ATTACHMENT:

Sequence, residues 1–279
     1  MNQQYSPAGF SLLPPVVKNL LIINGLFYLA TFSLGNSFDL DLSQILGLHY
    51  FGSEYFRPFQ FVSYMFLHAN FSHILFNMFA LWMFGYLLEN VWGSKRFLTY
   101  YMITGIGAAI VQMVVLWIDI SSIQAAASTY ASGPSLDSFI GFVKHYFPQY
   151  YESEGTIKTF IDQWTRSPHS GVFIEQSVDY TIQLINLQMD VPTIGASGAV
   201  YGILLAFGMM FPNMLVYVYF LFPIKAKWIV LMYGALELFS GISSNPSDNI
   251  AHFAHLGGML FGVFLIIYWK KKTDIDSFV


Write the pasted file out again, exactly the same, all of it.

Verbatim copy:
Sequence, residues 1–279
     1  MNQQYSPAGF SLLPPVVKNL LIINGLFYLA TFSLGNSFDL DLSQILGLHY
    51  FGSEYFRPFQ FVSYMFLHAN FSHILFNMFA LWMFGYLLEN VWGSKRFLTY
   101  YMITGIGAAI VQMVVLWIDI SSIQAAASTY ASGPSLDSFI GFVKHYFPQY
   151  YESEGTIKTF IDQWTRSPHS GVFIEQSVDY TIQLINLQMD VPTIGASGAV
   201  YGILLAFGMM FPNMLVYVYF LFPIKAKWIV LMYGALELFS GISSNPSDNI
   251  AHFAHLGGML FGVFLIIYWK KKTDIDSFV